Opera Completely ‘Redesigned’ to Look Like Every Other Browser

Yes, Opera still exists in 2019. A market share of 3.6% coupled with the fact that this number is going down day by day, calls for a change. As they say ‘Desperate times call for desperate measures.

We can see those desperate measures coming into effect recently. Opera has completely redesigned its browser. Codenamed “Reborn 3”, the update has given the browser a completely new identity. An identity we’ve already seen in browsers like Chrome, Firefox, and Edge.

Reborn 3

R3 Update

The new design sports a sleek and modern look. The main difference with this new version is that the sidebar and tab bar are now the same color, this results in the sidebar not standing out as much, giving us a cleaner look. Moreover, The webpage, active tab and address bar are now a single component, fine-drawn shadows make this unit of content stand out from the rest of the browser. Square, sharp edges along with the sharp contrast to the curved border, gives us a Chrome-like look. Meanwhile, Opera claims that its design changes were inspired by photography, as the new light theme is bright and clean while the dark theme is stylish and focused.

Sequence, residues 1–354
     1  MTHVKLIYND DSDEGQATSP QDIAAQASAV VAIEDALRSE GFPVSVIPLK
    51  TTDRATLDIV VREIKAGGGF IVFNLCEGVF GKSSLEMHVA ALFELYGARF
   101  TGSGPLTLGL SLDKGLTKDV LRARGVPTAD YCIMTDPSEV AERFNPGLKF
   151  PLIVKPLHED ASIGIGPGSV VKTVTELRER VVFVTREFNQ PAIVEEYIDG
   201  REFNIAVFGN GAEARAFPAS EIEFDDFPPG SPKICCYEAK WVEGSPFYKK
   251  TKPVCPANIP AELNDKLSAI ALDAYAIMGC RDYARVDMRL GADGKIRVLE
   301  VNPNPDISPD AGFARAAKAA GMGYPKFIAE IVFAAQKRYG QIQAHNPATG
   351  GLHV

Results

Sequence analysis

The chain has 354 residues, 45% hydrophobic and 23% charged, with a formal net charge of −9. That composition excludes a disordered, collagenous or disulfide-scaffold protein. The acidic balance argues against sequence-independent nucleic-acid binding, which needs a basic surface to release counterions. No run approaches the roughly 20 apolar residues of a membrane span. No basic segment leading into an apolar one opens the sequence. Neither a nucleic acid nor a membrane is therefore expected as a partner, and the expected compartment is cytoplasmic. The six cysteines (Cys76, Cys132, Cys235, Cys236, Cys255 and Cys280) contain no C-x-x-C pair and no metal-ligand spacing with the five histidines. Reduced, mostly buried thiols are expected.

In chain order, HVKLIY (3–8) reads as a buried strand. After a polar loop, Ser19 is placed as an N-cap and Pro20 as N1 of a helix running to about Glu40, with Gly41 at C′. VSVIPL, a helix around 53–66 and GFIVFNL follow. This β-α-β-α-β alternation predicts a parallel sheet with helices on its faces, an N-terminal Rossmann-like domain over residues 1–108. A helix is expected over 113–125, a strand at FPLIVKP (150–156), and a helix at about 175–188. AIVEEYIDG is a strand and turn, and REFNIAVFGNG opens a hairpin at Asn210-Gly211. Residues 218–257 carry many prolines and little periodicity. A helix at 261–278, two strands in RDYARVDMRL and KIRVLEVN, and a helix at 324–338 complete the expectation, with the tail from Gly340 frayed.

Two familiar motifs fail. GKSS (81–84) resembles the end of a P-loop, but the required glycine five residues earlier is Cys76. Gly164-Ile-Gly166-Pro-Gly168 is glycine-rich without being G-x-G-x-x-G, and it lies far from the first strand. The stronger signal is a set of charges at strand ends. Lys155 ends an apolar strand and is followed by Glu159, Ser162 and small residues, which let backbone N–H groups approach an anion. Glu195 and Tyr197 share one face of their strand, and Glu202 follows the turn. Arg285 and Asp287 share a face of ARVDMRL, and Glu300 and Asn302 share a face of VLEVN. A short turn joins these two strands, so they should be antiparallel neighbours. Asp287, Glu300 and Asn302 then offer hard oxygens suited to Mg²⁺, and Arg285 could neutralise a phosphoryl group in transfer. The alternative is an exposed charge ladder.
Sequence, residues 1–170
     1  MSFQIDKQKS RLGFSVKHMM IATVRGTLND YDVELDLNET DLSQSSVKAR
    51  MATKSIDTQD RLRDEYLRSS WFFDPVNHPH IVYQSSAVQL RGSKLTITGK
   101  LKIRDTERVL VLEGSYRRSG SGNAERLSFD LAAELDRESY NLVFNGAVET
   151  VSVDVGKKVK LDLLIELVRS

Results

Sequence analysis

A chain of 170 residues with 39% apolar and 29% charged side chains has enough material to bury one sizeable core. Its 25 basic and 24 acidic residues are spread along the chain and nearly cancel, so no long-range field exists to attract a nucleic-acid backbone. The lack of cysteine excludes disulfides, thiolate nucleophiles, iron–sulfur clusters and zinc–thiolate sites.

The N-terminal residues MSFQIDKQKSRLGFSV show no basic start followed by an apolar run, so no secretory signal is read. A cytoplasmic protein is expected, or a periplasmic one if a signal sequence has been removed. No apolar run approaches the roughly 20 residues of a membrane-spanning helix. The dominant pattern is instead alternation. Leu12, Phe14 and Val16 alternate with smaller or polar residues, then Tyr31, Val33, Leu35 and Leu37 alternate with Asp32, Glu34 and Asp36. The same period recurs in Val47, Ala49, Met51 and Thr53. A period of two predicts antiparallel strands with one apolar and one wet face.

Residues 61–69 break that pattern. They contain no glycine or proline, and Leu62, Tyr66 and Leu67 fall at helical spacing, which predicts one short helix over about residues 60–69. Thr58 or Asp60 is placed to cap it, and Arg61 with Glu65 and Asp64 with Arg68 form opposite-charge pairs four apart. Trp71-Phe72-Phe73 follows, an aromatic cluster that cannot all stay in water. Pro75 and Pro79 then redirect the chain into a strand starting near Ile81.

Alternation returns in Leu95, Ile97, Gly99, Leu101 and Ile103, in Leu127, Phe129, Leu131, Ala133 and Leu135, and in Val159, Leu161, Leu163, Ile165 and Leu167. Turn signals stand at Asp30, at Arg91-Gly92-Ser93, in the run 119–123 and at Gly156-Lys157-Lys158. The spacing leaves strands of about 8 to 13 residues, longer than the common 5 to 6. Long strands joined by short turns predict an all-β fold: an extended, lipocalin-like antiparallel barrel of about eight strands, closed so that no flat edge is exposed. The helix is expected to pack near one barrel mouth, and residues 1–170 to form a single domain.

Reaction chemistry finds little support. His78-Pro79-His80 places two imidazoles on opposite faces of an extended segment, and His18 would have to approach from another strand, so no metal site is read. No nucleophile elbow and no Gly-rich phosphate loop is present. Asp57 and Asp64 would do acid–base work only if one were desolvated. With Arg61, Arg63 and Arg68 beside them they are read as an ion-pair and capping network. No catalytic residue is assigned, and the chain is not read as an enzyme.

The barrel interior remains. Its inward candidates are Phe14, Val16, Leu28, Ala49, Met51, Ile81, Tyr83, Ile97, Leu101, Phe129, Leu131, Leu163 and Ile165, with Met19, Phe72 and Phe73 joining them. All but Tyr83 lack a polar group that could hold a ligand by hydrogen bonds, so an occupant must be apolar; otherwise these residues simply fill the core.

R3 Update

Opera’s Joanna Czajka has given reasoning for the design change, which was:

“We believe a browser should provide such a frame for the web. With R3, we put web content at center stage. We’ve removed dividing lines between sections so you can browse without borders and unhindered by unnecessary distractions. And, just as no one frame is effective for every picture or in every lighting, we’ve given the browser two distinct themes, light and dark.”

The company has also added a cryptocurrency wallet into its mobile browsers, and now you can also access it from the desktop app as well. –Opera has plans of releasing the R3 (Reborn 3) update in March in version 59. However, you can download the developer preview right now from Opera’s website. Read about all the changes at Opera here.

Murtaza Islam
Murtaza is a Computer Science student who takes immense interest in mobile technology. He believes the future of computing lies in smartphones because ARM architecture will eventually take over. He also loves to tinker with ROMs and kernels keeping up with the latest in smartphones.